He’s a popular face, or maybe more voice around Armadale and now Graham Sampson has another reason to celebrate.
The passionate community organiser has just finished his second term as president of the Rotary Club of Armadale as well as one of the busiest years the group has had in recent memory.
It’s an opportune time to reflect while he continues to look forward to the work Rotary aims to do in Armadale in the future.
“It’s been a great experience as it always is,” he said.
“We’re really at that point I think where we’re involved in the community a whole lot.
“Even the NAIDOC event we were down there cooking and it was a great opportunity to get involved in so many other things.
“You know we have conversations with people and then you hear about someone else in the community who needs help.
“Then you talk to someone who talks to someone and before you know it there’s this whole event organised to help them out.
“That’s why I do it and that’s what drives me.”
The past year has seen Rotary take part in a number of activities in Armadale including the Armadale Youth Intervention Partnership, a group project aimed at breaking down the causes of criminal activity on the streets.
They were also involved in the City of Armadale’s Night Fields program, a six-week commitment that cemented relationships with the younger network of personnel from local organisations wanting to make Armadale an inclusive community.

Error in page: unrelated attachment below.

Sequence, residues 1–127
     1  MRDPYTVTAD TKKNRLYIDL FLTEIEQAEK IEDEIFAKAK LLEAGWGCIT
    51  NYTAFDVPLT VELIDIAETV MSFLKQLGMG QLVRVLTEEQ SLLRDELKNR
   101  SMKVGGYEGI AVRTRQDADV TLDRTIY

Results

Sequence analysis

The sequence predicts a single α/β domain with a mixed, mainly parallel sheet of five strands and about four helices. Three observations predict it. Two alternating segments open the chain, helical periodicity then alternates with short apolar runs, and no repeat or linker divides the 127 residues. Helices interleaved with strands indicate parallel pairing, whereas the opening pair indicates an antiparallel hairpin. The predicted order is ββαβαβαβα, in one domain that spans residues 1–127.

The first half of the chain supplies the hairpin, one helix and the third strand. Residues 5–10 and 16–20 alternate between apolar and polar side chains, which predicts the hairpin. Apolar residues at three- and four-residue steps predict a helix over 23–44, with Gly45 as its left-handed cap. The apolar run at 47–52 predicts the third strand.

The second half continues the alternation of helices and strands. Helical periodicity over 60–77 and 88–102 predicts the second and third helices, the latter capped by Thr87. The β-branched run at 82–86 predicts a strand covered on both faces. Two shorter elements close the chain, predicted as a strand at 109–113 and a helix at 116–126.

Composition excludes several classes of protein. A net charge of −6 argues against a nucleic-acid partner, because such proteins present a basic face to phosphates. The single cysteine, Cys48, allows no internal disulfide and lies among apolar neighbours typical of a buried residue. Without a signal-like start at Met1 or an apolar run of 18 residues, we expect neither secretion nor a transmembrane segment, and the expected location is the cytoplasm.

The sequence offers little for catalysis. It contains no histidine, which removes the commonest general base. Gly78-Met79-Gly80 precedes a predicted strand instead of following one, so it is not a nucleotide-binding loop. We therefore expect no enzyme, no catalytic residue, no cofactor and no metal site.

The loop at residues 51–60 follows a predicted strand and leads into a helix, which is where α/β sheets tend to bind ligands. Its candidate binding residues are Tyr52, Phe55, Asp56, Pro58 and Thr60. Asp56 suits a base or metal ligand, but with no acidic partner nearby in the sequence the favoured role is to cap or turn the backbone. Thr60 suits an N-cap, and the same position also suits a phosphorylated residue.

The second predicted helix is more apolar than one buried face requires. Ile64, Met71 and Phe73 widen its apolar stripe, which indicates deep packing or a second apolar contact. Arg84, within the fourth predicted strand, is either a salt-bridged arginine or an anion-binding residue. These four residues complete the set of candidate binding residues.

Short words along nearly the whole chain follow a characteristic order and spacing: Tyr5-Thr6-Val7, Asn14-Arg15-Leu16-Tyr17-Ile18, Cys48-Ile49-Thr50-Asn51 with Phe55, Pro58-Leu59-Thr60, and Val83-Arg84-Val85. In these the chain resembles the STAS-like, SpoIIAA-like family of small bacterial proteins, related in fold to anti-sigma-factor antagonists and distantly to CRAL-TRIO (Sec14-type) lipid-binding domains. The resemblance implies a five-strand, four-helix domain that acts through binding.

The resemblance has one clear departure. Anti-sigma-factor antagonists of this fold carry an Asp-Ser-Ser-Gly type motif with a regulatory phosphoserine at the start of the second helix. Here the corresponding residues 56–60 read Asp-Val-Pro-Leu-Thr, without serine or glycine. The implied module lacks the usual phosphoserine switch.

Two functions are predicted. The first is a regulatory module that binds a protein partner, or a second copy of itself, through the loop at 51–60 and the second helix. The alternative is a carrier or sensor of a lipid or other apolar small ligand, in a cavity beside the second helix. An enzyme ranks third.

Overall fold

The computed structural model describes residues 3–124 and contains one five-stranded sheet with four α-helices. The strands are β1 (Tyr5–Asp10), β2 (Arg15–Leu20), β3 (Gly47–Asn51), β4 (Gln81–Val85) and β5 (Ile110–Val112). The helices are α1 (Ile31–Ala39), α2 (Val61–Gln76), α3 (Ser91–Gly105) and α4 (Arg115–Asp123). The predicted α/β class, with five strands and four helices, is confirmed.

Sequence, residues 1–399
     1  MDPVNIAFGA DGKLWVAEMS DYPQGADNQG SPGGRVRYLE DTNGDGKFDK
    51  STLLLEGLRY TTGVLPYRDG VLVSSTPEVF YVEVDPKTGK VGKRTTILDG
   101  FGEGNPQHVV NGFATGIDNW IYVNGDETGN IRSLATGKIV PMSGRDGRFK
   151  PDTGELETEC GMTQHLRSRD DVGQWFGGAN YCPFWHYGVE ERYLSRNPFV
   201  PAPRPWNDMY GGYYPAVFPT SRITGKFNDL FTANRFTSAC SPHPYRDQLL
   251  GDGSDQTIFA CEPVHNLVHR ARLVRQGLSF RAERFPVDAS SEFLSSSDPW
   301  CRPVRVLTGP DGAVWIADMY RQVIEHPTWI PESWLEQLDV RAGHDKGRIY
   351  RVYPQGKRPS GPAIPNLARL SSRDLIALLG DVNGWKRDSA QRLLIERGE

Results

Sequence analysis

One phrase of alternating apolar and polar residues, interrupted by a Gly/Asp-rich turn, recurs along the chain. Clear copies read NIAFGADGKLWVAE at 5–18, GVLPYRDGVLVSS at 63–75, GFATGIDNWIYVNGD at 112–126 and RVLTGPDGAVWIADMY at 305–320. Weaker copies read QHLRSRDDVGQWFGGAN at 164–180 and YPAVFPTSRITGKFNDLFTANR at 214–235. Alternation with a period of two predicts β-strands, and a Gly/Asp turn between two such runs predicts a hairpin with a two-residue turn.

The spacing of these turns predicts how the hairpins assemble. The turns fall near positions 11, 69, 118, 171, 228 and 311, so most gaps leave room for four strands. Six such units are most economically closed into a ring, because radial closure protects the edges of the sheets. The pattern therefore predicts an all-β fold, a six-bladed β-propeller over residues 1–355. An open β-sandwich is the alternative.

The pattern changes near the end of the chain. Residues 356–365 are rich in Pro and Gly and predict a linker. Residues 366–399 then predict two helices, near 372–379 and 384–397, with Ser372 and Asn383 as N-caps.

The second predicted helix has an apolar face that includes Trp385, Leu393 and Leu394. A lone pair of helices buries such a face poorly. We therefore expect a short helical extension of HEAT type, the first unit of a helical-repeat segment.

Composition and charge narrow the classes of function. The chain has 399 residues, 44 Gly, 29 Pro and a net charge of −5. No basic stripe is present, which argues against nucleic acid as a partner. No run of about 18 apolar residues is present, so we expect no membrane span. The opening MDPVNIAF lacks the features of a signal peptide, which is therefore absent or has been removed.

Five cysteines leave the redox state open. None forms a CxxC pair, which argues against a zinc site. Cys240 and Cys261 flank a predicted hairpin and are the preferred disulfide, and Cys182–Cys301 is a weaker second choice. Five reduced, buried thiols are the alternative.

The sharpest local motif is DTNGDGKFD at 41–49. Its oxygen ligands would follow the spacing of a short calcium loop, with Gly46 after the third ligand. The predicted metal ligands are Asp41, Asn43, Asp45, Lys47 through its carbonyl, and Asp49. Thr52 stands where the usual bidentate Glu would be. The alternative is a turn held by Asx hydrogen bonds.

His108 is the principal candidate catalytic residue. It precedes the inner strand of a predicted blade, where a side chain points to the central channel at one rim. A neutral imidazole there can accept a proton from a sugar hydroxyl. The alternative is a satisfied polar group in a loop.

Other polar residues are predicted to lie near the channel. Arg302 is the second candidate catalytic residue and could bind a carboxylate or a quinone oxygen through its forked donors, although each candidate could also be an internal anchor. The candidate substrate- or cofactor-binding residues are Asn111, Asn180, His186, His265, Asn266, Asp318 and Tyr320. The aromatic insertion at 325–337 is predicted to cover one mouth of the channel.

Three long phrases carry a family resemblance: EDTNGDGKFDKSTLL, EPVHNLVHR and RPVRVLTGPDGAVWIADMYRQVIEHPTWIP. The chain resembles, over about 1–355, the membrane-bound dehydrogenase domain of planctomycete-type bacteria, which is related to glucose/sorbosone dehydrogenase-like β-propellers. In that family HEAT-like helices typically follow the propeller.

On top of all this Mr Sampson has been at the forefront of establishing the Armadale Men’s Shed and continues to be a favourite on Heritage FM.
Try to remind him of that though and he responds humbly.
“It’s not just about me it’s about the work we can do as a group,” he said.
“One of the biggest achievements for me has been our involvement in the schools and the work we’ve done there.
“We are now linked to intervention and support people at a range of schools.
“To me this is the most important thing because as people who want to make a positive change that’s where we have to start.
“Us old guys who have time on our hands the best thing we can do is go into those places where young people are struggling and guide and support them.”